Online student Alexander Stanford ’20 works in a lab at UNC-Chapel Hill as part of his experience in Summer Mentorship. Students in the mentorship program work alongside university researchers and local professionals in ongoing projects.Zachary Richardson is seeking a cure for Parkinson’s. The goal sounds lofty for a rising high school senior, but Richardson has been interested in Parkinson’s research ever since his grandfather was diagnosed several years ago. When he arrived at North Carolina School of Science and Mathematics from Rocky Mount at the start of his junior year, what most excited him was the opportunity to do in-depth biology research. In instructor Kim Monahan’s Glaxo Summer Research Program in Biology, Richardson is engaged in a hands-on research project involving C. elegans (worms, for the layperson), the IGF-1 neural pathway, and the isoflavone compound genistein. He’s looking into the possibility of reducing the neurodegenerative effects of Parkinson’s disease by inhibiting the neural pathway often associated with such disorders. Richardson and his 12 peers in Monahan’s biology cohort of NCSSM’s Summer Research & Innovation Program (SRIP) are undaunted by such formidable work. They check in with her and the teaching assistants (recent NCSSM graduates who also participated in biology SRIP), ask questions, and consider different approaches. Monahan says this is her favorite part: watching the students gain confidence as they troubleshoot and continue to develop projects they’ve designed themselves. Boldness and persistence seem essential. Students come into SRIP with big ambitions and deepen their sense of self-confidence as they find themselves achieving tasks they set for themselves or those laid out by advisors. In the mentorship cohort led by instructor Chris Thomas, 70 rising seniors work alongside researchers or professionals on projects that include creating “smart collars” for training therapy dogs, developing low-cost detectors to track background radiation, and testing oxygenated microbubbles as a method to reduce cancerous tumors. Though these students are working on established, ongoing projects, their mentors value their input and curiosity. That trust encourages students to take responsibility for their learning and to ask for help and feedback. In fact, Thomas says, “mentorship students ranked building collaboration and communication skills as the highest value of the program.” In Keethan Kleiner’s computer science program, students Daequan Peele and Duncan Glynn are creating their own research project, an app that generates original music using recurrent neural networks. They’re also trying to replicate the process on a simulated quantum computer to detect any benefits in quality of output, speed, or the complexity of the song. In the same cohort, student Griffith Baker and his partner Ralph Eddrman, create an app that uses convolutional neural networks to classify a flower in real time (it works for over 102 plants), and student Rohan Jangala created a self-balancing portfolio for investing in the stock market. This year, the computer science option was lengthened from one week to two. “With the longer timeframe, the projects just became more ambitious,” Kleiner says. The students in Michael Bruno’s chemistry group are equally enthusiastic. During the school year, students are pulled in many directions, especially highly motivated students like those at NCSSM. There are tests, study groups, and many disciplines demanding attention. “The summer gives them that chunk of time they need and the freedom to think about only this,” he says. Bruno says his own high school chemistry experiences were more typical. He did a high school internship at a college. While he learned plenty of techniques and practical knowledge, he says he didn’t learn to ask questions and think independently about a project. One of the primary goals of SRIP is to engage students as thinkers, makers, and doers in experiences that require them to apply classroom knowledge to the world beyond the classroom. Depending on the discipline, thinking, making, and doing can take a variety of shapes. Kleiner says he selects students with a background in programming and coding, “but I’m not looking for software engineers.” Yet, by the time students leave the program, they’re a whole lot closer to becoming one. Engineers are, in essence, think-make-do problem solvers. The same can be said for the budding entrepreneurs, biologists, scientists, mathematicians, biomedical engineers, and historians who make up other cohorts of SRIP. These students formulate complex questions to which they seek answers through real-world experiences — whether in a laboratory, a rapid-paced tech startup, or a graduate library. Their questions, whether addressing a complicated social issue or uncured disease, challenge the known boundaries of disciplines:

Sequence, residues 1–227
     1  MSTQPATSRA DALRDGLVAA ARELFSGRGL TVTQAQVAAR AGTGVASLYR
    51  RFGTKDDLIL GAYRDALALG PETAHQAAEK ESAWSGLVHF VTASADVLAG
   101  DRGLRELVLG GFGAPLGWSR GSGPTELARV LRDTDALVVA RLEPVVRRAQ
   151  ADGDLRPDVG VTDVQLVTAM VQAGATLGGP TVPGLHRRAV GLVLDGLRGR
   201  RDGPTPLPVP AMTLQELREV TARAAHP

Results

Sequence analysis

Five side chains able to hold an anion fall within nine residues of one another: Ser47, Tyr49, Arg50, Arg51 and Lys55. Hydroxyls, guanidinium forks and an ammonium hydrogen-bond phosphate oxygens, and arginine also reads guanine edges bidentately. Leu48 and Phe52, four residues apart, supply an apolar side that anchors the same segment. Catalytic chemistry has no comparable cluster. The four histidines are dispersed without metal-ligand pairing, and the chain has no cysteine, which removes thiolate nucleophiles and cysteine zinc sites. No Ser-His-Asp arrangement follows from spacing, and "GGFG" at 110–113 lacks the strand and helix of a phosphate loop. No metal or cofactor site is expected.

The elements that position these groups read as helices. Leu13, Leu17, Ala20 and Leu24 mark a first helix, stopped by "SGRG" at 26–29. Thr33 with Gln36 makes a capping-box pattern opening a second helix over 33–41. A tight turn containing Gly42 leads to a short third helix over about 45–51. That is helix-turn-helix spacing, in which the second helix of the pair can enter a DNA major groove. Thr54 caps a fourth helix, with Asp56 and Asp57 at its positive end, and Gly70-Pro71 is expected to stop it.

- Can complementing chemotherapy with vitamin C reduce the negative side effects of doxorubicin?
- Can the model for the U.S. prison system, which incarcerates disproportionate numbers of African Americans, be traced back to the plantation system of the antebellum South?
- Can E. coli be modified to replicate A. borkumensis, a marine bacterium with the ability to degrade crude oil?
- Can biochars from North Carolina pinecones be used to absorb nitrates found in groundwater contaminated by hog farm waste?